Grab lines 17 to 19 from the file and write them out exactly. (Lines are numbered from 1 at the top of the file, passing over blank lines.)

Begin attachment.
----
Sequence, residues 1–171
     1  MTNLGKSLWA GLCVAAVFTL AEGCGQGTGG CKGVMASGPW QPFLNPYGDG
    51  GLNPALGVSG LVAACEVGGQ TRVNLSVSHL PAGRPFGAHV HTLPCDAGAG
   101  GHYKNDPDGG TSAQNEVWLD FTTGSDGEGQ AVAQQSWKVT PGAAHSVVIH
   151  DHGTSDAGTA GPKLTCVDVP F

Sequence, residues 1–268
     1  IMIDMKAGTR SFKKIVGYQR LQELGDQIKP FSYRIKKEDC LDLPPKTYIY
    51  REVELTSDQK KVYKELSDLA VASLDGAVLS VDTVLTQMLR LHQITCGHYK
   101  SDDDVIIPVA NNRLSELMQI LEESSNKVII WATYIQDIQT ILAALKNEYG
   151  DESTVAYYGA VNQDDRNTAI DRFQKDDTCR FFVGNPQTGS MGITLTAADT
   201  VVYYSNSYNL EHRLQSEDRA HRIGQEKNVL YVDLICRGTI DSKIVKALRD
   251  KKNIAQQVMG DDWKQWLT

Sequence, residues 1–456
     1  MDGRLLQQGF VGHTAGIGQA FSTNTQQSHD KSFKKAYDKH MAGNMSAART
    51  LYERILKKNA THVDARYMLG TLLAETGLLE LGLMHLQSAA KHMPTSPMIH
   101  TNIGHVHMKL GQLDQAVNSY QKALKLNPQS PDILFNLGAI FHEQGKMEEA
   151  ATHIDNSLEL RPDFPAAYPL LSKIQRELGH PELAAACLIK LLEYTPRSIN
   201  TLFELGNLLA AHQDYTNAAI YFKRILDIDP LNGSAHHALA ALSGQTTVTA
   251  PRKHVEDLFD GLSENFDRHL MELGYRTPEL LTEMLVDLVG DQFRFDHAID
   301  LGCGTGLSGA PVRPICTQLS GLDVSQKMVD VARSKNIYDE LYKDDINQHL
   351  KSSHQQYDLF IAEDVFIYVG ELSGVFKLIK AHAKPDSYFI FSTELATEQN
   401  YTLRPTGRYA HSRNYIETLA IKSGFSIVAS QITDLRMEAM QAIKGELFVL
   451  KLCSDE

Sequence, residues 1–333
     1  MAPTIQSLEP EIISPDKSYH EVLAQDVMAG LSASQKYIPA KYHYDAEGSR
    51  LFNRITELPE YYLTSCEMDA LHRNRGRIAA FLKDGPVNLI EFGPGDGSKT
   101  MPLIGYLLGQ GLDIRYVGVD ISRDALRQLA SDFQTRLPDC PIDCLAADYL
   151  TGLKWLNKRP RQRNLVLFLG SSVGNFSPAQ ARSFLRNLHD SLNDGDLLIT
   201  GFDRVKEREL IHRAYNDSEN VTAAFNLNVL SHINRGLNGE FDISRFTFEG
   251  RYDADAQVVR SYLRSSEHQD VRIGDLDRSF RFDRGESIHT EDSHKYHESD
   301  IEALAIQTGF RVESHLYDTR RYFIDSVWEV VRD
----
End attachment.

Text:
   151  ATHIDNSLEL RPDFPAAYPL LSKIQRELGH PELAAACLIK LLEYTPRSIN
   201  TLFELGNLLA AHQDYTNAAI YFKRILDIDP LNGSAHHALA ALSGQTTVTA
   251  PRKHVEDLFD GLSENFDRHL MELGYRTPEL LTEMLVDLVG DQFRFDHAID